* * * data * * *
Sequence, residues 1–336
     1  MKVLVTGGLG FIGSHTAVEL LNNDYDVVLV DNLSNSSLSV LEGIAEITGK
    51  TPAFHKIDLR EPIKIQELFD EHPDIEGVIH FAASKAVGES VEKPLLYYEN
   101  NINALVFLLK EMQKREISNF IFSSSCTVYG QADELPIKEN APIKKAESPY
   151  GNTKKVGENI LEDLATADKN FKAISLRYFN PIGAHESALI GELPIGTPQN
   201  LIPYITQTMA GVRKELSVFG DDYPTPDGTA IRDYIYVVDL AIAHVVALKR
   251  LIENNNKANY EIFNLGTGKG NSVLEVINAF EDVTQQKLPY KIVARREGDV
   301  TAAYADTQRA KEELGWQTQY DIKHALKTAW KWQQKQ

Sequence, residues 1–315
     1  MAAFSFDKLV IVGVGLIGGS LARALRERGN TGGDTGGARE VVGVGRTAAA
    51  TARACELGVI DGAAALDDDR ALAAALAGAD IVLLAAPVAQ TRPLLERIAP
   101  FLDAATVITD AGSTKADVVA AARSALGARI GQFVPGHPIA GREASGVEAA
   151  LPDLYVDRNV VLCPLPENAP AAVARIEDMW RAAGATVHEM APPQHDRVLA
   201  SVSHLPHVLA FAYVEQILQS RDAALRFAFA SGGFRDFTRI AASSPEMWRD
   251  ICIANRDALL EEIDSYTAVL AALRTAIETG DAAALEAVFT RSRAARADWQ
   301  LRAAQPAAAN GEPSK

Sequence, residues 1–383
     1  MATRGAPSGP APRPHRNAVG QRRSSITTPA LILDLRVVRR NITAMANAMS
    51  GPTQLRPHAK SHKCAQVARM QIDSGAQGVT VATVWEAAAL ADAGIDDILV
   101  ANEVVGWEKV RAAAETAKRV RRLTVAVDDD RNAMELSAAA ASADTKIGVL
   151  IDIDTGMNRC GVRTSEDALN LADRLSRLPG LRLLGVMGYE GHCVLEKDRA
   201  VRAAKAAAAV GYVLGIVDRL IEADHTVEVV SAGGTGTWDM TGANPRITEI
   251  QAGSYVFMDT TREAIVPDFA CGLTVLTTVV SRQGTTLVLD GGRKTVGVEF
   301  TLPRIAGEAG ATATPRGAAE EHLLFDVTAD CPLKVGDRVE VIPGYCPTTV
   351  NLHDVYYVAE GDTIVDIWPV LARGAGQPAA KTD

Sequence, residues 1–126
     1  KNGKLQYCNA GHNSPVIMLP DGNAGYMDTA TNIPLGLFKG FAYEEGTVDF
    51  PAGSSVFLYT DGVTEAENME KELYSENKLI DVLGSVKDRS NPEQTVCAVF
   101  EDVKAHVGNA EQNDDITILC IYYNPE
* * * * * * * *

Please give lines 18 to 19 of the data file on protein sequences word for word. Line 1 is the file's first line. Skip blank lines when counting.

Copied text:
     1  MATRGAPSGP APRPHRNAVG QRRSSITTPA LILDLRVVRR NITAMANAMS
    51  GPTQLRPHAK SHKCAQVARM QIDSGAQGVT VATVWEAAAL ADAGIDDILV